Senna would never be happy unless he was in the best car sweeping all before him, so in 1994 as Prost retired he swooped on the vacant Williams seat. Unfortunately for him the domination of the car in previous years had lead to regulation changes to ban the driver-aids that made them so successful. To make matters worse, the Benetton team had produced a spectacularly fast car and had the talents of a young Michael Schumacher at the wheel.
Senna was suspicious of the new-found pace of the Benetton and his increasing sense of frustration with failure was telling, with some uncharacteristic errors. He accused his rivals of secretly employing the banned driver-aids, which is now generally perceived to have been the case.
The darkest weekend in Formula One history came at the San Marino Grand Prix in 1994. Senna’s countryman Rubens Barrichello had a spectacular accident which knocked him unconscious and broke his nose and his arm but otherwise unharmed. The following day during the final qualifying session Roland Ratzenberger, a rookie living his dream of becoming a Formula One driver, was fatally injured in a high speed accident following a front wing failure.
The whole paddock was clearly distraught the following day as they lined up to race with heavy hearts. The start of the race itself saw more incident, when Pedro Lamy crashed over the top of Lehto’s stalled car, causing debris to fly into the crowd injuring nine spectators. When racing resumed Senna was leading but on the second lap turning through the Tamburello corner his steering column failed and he hit the concrete wall at 131mph. Many drivers had survived this type of accident at this corner before, but a suspension component had pierced his crash helmet and caused fatal brain injuries. His tragic death at 34 years old shocked the world and a legend was lost.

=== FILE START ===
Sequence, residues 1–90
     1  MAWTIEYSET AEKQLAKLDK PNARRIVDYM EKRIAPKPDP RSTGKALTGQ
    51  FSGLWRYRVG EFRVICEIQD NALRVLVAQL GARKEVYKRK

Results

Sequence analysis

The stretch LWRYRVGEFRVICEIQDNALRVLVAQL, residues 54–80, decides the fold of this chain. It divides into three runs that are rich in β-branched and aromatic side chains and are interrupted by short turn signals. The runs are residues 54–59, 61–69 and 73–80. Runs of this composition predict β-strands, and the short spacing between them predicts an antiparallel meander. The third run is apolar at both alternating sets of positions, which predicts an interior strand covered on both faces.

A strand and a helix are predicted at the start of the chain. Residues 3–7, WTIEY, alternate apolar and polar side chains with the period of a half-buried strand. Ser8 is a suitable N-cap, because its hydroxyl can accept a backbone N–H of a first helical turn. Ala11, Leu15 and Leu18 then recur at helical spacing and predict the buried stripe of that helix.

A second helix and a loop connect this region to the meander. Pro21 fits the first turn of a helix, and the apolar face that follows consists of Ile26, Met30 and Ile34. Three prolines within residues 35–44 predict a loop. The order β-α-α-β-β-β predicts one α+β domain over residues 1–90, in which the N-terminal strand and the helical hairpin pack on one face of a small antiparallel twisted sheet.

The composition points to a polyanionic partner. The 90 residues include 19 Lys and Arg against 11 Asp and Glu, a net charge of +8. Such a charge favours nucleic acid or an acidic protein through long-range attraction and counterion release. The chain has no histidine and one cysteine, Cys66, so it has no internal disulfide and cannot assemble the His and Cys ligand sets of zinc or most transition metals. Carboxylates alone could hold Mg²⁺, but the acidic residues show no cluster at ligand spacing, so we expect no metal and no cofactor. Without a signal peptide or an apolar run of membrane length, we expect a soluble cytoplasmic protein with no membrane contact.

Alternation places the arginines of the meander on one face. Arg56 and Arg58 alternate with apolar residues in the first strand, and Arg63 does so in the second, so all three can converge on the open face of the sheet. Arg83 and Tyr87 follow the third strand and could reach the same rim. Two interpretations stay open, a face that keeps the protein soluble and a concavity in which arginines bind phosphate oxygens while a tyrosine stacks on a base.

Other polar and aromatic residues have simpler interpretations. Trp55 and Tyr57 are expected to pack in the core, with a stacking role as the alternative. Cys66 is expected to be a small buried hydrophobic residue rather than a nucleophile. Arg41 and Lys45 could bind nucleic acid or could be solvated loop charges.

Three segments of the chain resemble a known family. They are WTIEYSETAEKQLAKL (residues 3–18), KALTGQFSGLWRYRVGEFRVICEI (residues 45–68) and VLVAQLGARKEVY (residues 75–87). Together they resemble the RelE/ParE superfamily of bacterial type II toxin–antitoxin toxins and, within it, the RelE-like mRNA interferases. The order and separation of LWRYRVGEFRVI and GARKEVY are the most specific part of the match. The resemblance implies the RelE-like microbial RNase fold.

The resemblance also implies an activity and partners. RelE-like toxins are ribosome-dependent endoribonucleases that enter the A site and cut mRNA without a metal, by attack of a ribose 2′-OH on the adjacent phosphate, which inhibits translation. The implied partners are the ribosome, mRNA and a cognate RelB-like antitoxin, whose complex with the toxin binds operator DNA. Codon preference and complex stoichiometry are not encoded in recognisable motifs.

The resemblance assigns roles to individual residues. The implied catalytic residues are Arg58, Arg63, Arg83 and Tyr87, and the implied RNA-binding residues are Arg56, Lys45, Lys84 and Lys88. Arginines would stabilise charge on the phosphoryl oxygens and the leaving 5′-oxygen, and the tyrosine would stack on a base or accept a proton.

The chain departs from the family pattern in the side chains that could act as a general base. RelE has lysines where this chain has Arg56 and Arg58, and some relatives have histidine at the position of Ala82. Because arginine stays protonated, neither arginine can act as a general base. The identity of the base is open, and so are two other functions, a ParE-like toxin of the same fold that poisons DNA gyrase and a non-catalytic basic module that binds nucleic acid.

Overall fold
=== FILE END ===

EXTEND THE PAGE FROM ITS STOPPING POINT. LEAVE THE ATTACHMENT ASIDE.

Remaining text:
It is without any doubt that Ayrton Senna was the most complex and interesting character that Formula One has ever seen. He was a highly religious and spiritual man, believing that his talent was God-given and often referring to his experiences in the car as being “in another dimension”.
In writing this article I struggled to summarise my feelings for him, so I shall leave you with this quote from the man himself, which says much more about him than I ever could…
“I’m very privileged. I’ve always had a very good life. But everything that I’ve gotten out of life was obtained through dedication and a tremendous desire to achieve my goals… A great desire for victory, meaning victory in life not as a racing driver. To all of you who have experienced this or are searching now, let me say that whoever you may be in your life, whether you’re at the highest or most modest level, you must show great strength and determination and do everything with love and a deep belief in God. One day, you’ll achieve your aim and you’ll be successful.”
Senna Sempre… Senna Always…